Through her work at the Center for a New American Security, a bipartisan think tank she co-founded in 2007, Flournoy more or less defined the contours of how the U.S. would withdraw its troops from Iraq. CNAS itself became a pipeline for the young and talented individuals who now populate the lower ranks of the Department of Defense. Colin Kahl, who has worked for or with Flournoy in nearly all of her endeavors for the past several years—at CNAS, at the Pentagon, and on Obama’s reelection campaign—described her to me as “one of leading national security defense professionals, period, full stop.” Profile after profile of Flournoy brims with glowing appraisals of her career from colleagues. Even P.J. Crowley, a former State Department spokesperson who has emerged as a top Hagel defender, had this to say of Flournoy to Politico: “I’m convinced she will be secretary of Defense someday, whether that’s in this administration or sometime in the future. A president would be wise to pick her.” She would be the first female to serve in that role, to boot.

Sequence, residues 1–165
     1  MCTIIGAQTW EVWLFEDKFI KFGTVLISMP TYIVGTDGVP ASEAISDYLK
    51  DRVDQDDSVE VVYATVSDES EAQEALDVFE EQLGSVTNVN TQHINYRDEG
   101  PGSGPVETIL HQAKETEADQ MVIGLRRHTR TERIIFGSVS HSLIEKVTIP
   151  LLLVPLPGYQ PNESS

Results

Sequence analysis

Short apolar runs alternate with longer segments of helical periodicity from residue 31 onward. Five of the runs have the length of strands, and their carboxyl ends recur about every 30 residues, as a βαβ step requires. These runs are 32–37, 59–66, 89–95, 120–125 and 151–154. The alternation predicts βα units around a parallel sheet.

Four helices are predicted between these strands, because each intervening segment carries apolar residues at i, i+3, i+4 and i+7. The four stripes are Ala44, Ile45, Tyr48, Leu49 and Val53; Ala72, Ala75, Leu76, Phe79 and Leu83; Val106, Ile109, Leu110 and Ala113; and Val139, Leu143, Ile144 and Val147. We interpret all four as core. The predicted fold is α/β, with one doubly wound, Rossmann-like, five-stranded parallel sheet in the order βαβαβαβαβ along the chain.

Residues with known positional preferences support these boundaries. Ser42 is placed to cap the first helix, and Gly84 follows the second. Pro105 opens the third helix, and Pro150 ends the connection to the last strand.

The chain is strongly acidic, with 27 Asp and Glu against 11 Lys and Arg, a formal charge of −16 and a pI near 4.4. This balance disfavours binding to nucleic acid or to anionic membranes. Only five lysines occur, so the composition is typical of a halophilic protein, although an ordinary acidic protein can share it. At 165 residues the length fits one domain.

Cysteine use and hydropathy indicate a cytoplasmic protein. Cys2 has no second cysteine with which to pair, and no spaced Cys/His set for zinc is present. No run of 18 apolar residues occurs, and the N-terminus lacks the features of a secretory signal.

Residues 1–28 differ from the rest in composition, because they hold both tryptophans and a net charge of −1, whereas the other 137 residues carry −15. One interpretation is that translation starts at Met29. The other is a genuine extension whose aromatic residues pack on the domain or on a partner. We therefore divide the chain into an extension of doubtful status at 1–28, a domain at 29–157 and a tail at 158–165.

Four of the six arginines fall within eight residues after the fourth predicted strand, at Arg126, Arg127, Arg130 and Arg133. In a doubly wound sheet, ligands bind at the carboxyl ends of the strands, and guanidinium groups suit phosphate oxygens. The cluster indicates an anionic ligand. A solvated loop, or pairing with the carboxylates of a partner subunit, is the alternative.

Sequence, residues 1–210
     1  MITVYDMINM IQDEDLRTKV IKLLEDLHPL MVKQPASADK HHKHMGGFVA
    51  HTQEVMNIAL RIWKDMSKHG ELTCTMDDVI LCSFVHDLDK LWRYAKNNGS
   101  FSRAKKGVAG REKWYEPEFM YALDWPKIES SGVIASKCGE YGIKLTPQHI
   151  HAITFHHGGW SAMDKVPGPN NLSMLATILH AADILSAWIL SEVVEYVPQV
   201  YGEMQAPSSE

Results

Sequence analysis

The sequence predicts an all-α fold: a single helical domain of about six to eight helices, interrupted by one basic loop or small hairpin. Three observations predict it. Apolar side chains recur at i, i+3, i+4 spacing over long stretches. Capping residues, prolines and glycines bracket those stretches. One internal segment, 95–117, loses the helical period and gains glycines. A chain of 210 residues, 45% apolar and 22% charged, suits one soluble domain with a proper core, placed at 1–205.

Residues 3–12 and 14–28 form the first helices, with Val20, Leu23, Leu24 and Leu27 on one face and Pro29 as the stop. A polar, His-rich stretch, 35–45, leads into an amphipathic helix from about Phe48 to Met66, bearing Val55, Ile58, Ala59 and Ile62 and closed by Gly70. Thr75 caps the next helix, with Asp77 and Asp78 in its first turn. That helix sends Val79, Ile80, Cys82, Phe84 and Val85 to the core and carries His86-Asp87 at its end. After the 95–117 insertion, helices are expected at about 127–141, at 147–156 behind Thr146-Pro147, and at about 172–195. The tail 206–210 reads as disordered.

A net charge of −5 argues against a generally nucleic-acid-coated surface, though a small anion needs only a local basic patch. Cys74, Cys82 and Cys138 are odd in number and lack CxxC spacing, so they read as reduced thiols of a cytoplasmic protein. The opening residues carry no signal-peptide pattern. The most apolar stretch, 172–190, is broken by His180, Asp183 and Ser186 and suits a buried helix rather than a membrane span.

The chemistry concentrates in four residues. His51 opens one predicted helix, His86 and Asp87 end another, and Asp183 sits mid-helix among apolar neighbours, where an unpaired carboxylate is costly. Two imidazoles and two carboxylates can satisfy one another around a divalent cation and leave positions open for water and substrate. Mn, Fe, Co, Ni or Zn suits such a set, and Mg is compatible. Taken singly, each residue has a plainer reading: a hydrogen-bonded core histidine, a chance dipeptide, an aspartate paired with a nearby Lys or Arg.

But had Flournoy’s name been leaked as the potential secretary of defense nominee instead of Hagel’s, there's no shortage of material the GOP could have drawn upon to slime her instead, and it’s hard to imagine why they wouldn’t have. There were her ardent defenses of Obama’s foreign policy during the campaign, and her unmasked distaste for Republicans' politicization of the Benghazi attacks. Flournoy, says Kahl, spearheaded the strategic implementation plan for Obama’s $400 billion in cuts to defense spending, which conservative think tanks and leaders—including the outfit where Senor, who has trouble spelling Flournoy’s last name correctly, and Kristol, who has trouble spelling her first name correctly, are board members—have roundly opposed. The fact that CNAS, which she founded with Kurt Campbell, a fellow Clintonista, has become a feeder for the Obama Defense apparatus would not serve her well, either. Even Kahl, a huge admirer of his former colleague’s, has no delusions about the nature of Republican praise for her. “It’s more to criticize Hagel than to prop up anyone else that they’re saying her name,” he said. “Suggesting other names is mainly an indirect way to criticize Hagel,” he said. “The real cynic in me says they’re trying to rhetorically punch Hagel in the face and then raise up somebody else. But since both Hagel and Flournoy strongly back the president's foreign policy, there’s no indication that the neoconservatives really want either one of them.” (To wit, Kristol writes that he would “would expect to differ” with Flournoy “on many issues.”)